2. UseIt~or~loseIt
    im kinda down with this idea....kinda...for 1, this article doesnt adress what the od was from, im guessing shister drug dealler (ie the stuff was cut, the stuff was a pill with tons of asprin in it, it was fenytal,ect ect),

    but i think if you are legal resposible for someone, you should.....oh crAP too many contradictions......ill know is that any stime somebody has taken the keys out my hand, it never hurt me... although it can be annoying and time consuming....

    im saying it doenst hurt to stop someone from hurting themself,
    even though it is aboslutly the users choice in the end...detox's can serve to get some of those bully demons out

    but i hate this law, even though im trying to be down with it, i sure most would rebel harder after the detox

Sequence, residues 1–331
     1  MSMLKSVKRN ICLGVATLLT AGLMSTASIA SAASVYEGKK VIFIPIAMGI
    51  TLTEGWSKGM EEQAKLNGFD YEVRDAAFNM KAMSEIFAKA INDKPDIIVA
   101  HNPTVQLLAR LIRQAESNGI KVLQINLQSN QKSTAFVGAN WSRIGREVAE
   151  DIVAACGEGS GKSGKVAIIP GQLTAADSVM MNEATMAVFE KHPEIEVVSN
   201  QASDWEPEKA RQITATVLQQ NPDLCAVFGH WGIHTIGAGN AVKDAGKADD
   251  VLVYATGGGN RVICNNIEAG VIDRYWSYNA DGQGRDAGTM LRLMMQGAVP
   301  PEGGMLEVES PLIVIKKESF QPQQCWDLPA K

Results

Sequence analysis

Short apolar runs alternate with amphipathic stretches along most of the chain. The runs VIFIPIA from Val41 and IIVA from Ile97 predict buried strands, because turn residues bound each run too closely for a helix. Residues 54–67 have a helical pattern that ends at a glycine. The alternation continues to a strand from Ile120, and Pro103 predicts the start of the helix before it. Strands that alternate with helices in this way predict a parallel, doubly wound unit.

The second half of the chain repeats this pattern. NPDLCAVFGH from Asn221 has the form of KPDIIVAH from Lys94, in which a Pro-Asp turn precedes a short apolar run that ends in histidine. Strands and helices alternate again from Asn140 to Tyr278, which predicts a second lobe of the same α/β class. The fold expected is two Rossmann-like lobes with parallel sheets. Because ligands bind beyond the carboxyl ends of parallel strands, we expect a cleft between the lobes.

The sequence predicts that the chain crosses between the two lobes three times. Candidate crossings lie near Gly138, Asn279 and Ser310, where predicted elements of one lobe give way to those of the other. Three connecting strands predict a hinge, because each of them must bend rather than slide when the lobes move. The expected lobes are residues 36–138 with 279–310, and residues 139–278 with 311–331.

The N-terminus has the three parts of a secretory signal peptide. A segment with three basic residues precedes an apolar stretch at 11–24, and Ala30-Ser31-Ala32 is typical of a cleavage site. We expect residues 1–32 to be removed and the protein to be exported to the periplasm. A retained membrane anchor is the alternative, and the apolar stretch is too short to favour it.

3. Greenport
    I'm for this too actually..if a minor is truly addicted to a highly addictive substance like heroin and it is obviously causing a problem to themselves and their family, their family should be able to step up and get help for the minor - they shouldn't be able to check themselves out at that age because they are still under their parents' rules.

    However there are surely going to be abuses of this law - parents claiming their child is 'addicted' to LSD or marijuana just because they catch them once and force them into a mandatory rehab program simply because they know no better. That is going to be the major issue with this law.
  4. pinksox
    SWIM agrees 100%. Hell, we have parents that get arrested when they can't force they're kids to get/stay at school in some places. There's many instances in our society in which parents are often held legally responsible for the behavior(or misbehavior as it may be) of their minor children.